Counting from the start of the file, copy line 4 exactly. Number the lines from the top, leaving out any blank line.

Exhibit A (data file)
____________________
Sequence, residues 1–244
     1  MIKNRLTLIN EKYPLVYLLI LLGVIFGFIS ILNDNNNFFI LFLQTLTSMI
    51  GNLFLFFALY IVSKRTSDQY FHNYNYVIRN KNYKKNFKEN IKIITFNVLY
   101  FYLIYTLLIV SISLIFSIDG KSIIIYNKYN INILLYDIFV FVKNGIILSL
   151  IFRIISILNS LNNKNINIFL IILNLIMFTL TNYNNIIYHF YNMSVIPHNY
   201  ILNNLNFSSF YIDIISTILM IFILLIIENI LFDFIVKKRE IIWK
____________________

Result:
   101  FYLIYTLLIV SISLIFSIDG KSIIIYNKYN INILLYDIFV FVKNGIILSL